Nkhotakota Wildlife Reserve
Nkhotakota Wildlife Reserve (also known as Nkhotakota Game Reserve or Nkhotakota Wildlife Preserve), is the largest and oldest wildlife reserve in Malawi, near Nkhotakota. The park's hilly terrain features dambos and miombo woodlands as the dominant vegetation, which support a variety of mammal and bird species. Poaching has greatly reduced the number of elephants and other large mammals in Nkhotakota, but conservation efforts to restore the elephant population started when African Parks began managing the reserve in 2015.
|Nkhotakota Wildlife Reserve|
IUCN category IV (habitat/species management area)
Terrain of Nkhotakota, 2011
|Area||1,800 km2 (690 sq mi)|
Geography and topographyEdit
Nkhotakota is an 1,800-square-kilometre (700 square miles), wildlife reserve located near Lake Malawi, in the Great Rift Valley. It borders the Kasungu District, Mzimba District, Nkhotakota, and Ntchisi District.
The reserve extends from the edge of the escarpment above the Great Rift Valley at 1,638 m (5,374 ft), down to the narrow plain beside Lake Malawi at 500 to 600 m (1,640 to 1,970 ft). The terrain is rugged and wild, with the rough slopes and ridges being much dissected by rivers and gorges. The land slopes from west to east, and is carved by three major rivers leading to Lake Malawi.
Flora and faunaEdit
Nkhotakota features dambos (wetlands) and large areas of miombo woodland with Brachystegia trees and long grasses. There are some dense stands of forest alongside the rivers and a 44 hectares (110 acres) patch of mid-altitude rainforest below the escarpment.
Poaching in recent decades reduced the elephant population from 1,500 to fewer than 100 in 2015. Other large mammals such as the common eland, the waterbuck, the southern reedbuck and the hippopotamus have also declined in numbers. The park is home to antelope, baboons, leopards, and warthogs. In 2015, The Maravi Post said that Nkhotakota had the potential to restore locally extinct black rhinoceros, cheetah, lion, and African wild dog populations. The reserve is the only location in Malawi where the rufous trident bat is found.
Some 280 species of bird have been recorded in the reserve and there are likely to be considerably more than this figure. They vary in size from tiny iridescent kingfishers to large martial eagles. The Taita falcon has been recorded twice near the escarpment and may breed there. Other bird species include the olive-headed weaver, the Böhm's bee-eater, the Arnot's chat, the Anchieta's sunbird, the Böhm's flycatcher, the miombo wren-warbler, the Souza's shrike, the Chapin's apalis, the miombo rock thrush, the miombo scrub robin and the miombo double-collared sunbird.
The park has been vulnerable to charcoal burning, logging, and poaching. In 2012, the Global Environmental Facility invested $850,000 through the "Effective Management of the Nkhotakota Wildlife Reserve" project to improve management of the reserve, with a focus on its Bua watershed area.
The nonprofit organization African Parks started managing the reserve in 2015, and immediately began working to make Nkhotakota "ecologically and socially sustainable" by increasing animal populations and reducing poaching by hiring and training rangers. The organization's twenty-year agreement with Malawi's government through the Department of National Parks and Wildlife was administered by the Public Private Partnership Commission.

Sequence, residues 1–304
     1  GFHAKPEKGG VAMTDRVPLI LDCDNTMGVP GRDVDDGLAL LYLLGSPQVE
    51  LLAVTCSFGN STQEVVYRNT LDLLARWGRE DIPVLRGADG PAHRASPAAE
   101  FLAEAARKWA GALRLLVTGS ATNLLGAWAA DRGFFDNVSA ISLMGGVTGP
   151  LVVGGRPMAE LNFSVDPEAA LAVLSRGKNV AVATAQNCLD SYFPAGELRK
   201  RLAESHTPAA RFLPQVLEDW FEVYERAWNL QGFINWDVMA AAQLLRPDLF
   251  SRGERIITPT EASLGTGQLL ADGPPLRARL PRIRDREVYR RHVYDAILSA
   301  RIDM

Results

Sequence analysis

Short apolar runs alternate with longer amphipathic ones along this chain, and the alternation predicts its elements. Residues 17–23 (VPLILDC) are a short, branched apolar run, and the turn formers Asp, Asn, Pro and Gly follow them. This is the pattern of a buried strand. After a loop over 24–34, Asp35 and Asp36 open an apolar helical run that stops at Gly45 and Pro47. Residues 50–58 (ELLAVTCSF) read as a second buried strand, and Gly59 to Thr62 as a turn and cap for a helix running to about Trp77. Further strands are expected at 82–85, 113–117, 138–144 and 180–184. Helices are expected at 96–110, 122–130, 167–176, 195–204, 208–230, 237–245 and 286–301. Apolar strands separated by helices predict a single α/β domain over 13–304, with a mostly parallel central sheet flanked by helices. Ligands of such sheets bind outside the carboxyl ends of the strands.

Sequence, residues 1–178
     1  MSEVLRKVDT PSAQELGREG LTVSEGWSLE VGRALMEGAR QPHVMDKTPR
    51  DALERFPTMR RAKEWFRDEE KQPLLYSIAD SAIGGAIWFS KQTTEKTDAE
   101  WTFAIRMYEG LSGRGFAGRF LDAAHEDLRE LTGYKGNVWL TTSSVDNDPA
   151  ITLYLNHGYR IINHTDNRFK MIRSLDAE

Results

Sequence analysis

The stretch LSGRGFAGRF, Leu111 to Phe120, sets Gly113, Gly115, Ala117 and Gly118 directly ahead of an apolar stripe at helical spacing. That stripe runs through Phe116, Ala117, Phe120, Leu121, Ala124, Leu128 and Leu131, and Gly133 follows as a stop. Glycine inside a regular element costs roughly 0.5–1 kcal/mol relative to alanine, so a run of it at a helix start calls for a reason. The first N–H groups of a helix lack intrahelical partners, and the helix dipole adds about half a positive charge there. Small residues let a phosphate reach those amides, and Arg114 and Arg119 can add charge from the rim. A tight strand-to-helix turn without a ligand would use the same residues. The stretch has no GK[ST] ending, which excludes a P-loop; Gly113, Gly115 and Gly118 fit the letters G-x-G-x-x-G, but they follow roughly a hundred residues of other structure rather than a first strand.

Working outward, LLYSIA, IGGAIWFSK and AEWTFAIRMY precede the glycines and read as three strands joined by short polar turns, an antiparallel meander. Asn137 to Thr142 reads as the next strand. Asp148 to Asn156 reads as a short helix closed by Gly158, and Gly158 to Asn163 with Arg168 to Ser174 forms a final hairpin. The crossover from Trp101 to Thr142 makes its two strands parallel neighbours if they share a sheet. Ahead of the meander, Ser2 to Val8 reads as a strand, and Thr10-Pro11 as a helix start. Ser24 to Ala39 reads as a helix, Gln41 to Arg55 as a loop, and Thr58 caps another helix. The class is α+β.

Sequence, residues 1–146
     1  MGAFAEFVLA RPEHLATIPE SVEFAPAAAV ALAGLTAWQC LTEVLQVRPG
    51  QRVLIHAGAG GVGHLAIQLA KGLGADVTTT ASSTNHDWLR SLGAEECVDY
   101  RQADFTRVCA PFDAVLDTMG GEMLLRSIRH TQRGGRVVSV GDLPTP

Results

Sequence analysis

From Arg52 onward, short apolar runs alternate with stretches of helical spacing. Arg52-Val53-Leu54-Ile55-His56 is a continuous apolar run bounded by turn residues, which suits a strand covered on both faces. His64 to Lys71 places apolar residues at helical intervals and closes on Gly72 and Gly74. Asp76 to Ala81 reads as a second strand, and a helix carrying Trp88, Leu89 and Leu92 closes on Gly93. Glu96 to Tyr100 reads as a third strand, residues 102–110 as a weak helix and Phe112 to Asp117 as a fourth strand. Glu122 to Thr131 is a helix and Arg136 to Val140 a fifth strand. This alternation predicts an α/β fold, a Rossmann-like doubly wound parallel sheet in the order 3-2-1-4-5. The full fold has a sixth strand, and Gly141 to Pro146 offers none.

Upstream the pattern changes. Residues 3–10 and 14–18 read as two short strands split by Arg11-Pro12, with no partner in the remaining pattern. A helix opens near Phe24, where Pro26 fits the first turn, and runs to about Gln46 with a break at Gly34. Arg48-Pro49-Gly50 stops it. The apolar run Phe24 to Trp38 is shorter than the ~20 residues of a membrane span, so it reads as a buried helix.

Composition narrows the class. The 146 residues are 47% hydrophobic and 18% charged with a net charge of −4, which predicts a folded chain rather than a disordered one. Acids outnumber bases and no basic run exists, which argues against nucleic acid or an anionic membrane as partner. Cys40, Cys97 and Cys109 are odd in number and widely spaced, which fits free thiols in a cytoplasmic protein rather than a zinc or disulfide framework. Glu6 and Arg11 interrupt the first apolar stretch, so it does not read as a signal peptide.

During 2016–2017, African Parks relocated approximately 500 elephants from Liwonde National Park and Majete Wildlife Reserve to Nkhotakota. The $1.6 million project was funded by Nationale Postcode Loterij and the Wyss Foundation, among other donors. Buffalo, elands, impalas, kudu, sables, warthogs, waterbuck, and zebras were also relocated. Prior to the relocation, African Parks worked to create roads, establish a fence around Nkhotakota, create a sanctuary within the reserve, and "completely [overhaul] the law enforcement and anti-poaching efforts" to make the park safer. Prince Harry assisted with both years of the relocation.
In 2017, African Parks received $65 million from the Wyss Foundation to support management efforts of Nkhotakota and other national parks, including Liwonde, Majete, and Rwanda's Akagera National Park, among others.
British philanthropists and a Malawian opened the Tongole Wilderness Lodge in May 2011, which has contributed to revitalization efforts to restore miombo woodlands, increase animal populations, and expand the size of Nkhotakota's team of 27 rangers to further protect wildlife. The luxury lodge's charity, the Tongole Foundation, supports local communities and schools and, as of 2012, plans to partner with Malawi's Department for National Parks and Wildlife to combat poaching and increase populations of buffalo, kudu, sable, and other wildlife. Bentry Kalanga serves as the lodge's managing director, as of 2013.
The Bua River Lodge, a tented camp overlooking the Bua River near the eastern boundary of the reserve, was established by British expatriate and soil conservationist John Dickinson in 2010. It offers modest accommodations, wildlife viewing, and other activities, as well as day trips to Chipata Mountain, which has a campsite frequented by self-navigating tourists.
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- Nkhotakota at African Parks
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